Violence and Social Orders

By Douglass C. North, John Joseph Wallis, Barry R. Weingast

Why should I read it?

1 author picked Violence and Social Orders as one of their favorite books, and they share why you should read it.

What is this book about?

All societies must deal with the possibility of violence, and they do so in different ways. This book integrates the problem of violence into a larger social science and historical framework, showing how economic and political behavior are closely linked. Most societies, which we call natural states, limit violence by political manipulation of the economy to create privileged interests. These privileges limit the use of violence by powerful individuals, but doing so hinders both economic and political development. In contrast, modern societies create open access to economic and political organizations, fostering political and economic competition. The book provides a framework…


1919, The Year of Racial Violence

By David F. Krugler,

Book cover of 1919, The Year of Racial Violence: How African Americans Fought Back

We must remember that 1919 also saw unprecedented widespread bloodshed in attacks on Black communities. This wave of violence is remembered as the Red Summer not because it coincided with the Red Scare, but because the worst of it occurred in and around that summer. Krugler gives us the national saga but helpfully zooms in to some of the major clashes to help us understand why and how they occurred – and most of all – how Blacks fought back through self-defense, the Black press, and the courts.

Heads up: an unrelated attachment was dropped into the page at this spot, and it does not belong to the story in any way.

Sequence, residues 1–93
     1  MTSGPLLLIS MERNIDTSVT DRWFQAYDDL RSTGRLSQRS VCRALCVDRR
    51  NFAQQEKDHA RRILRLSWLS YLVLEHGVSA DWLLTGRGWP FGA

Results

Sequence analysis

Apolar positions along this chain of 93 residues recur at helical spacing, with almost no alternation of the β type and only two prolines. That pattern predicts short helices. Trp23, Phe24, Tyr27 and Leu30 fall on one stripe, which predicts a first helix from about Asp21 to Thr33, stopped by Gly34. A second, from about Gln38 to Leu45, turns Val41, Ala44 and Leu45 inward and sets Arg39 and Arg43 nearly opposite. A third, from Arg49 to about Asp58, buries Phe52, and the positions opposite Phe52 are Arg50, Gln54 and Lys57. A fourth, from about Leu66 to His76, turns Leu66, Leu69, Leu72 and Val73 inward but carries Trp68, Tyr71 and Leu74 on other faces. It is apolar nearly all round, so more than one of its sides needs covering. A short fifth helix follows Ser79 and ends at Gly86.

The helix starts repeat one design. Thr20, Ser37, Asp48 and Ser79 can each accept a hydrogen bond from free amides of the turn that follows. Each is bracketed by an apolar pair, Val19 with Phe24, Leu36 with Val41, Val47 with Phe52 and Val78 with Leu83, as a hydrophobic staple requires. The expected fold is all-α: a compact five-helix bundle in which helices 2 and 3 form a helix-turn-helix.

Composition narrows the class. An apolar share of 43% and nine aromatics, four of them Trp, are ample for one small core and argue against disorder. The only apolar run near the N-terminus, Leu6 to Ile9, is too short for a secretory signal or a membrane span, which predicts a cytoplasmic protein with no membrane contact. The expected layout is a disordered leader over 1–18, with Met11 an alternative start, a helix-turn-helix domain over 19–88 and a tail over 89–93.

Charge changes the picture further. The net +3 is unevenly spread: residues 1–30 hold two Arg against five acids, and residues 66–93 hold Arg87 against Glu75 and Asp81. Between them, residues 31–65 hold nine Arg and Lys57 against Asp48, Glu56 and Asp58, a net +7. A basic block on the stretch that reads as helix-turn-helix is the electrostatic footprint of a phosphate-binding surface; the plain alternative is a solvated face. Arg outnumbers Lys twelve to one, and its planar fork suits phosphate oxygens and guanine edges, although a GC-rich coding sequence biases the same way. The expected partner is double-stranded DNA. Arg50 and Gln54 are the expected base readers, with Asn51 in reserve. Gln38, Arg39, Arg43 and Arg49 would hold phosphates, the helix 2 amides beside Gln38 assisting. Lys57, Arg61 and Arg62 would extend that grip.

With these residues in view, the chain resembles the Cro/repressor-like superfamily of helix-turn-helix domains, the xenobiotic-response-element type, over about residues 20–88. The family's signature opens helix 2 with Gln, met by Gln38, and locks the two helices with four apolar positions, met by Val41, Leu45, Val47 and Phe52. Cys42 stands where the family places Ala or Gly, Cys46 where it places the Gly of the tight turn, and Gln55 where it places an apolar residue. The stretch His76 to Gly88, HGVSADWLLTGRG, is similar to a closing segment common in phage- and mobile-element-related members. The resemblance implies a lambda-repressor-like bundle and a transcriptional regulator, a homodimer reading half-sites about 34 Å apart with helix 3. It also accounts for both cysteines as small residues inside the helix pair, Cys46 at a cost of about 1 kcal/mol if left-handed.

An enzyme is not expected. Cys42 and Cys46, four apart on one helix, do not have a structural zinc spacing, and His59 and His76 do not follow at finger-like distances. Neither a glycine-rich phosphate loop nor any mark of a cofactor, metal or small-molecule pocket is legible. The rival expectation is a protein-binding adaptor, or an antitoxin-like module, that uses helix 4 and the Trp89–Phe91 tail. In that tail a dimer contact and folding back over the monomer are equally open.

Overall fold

1919, The Year of Racial Violence

By David F. Krugler,

Why should I read it?

1 author picked 1919, The Year of Racial Violence as one of their favorite books, and they share why you should read it.

What is this book about?

1919, The Year of Racial Violence recounts African Americans' brave stand against a cascade of mob attacks in the United States after World War I. The emerging New Negro identity, which prized unflinching resistance to second-class citizenship, further inspired veterans and their fellow black citizens. In city after city - Washington, DC; Chicago; Charleston; and elsewhere - black men and women took up arms to repel mobs that used lynching, assaults, and other forms of violence to protect white supremacy; yet, authorities blamed blacks for the violence, leading to mass arrests and misleading news coverage. Refusing to yield, African Americans…


Lynching and Spectacle

By Amy Louise Wood,

Book cover of Lynching and Spectacle: Witnessing Racial Violence in America, 1890-1940

Most people’s idea of lynching is the sanitized version that they have picked up from movies and TV. However, the practice of lynching, as it was carried out in the United States from the late 19th to well into the 20th century, was far more hideous than a few people hanging a man from a tree. This classic contribution concentrates on spectacle lynchings. These were public lynchings attended by hundreds or even thousands of spectators. They involved hours of torture and bodily mutilation, often culminating in the victim being burned alive. Lynching and Spectacle is a vital read for anyone wishing to understand the full horror of American Racism.

Lynching and Spectacle

By Amy Louise Wood,

Why should I read it?

1 author picked Lynching and Spectacle as one of their favorite books, and they share why you should read it.

What is this book about?

This title presents public reinforcement of white supremacy. Lynch mobs in late nineteenth- and early twentieth-century America often exacted horrifying public torture and mutilation on their victims. In ""Lynching and Spectacle"", Amy Wood explains what it meant for white Americans to perform and witness these sadistic spectacles and what they derived from them. Lynching, Wood argues, overlapped with a wide range of cultural practices and performances, both traditional and modern, including public executions, religious rituals, photography, and cinema. The connections between lynching and these practices encouraged the horrific violence committed and gave it social acceptability.Wood expounds on the critical role…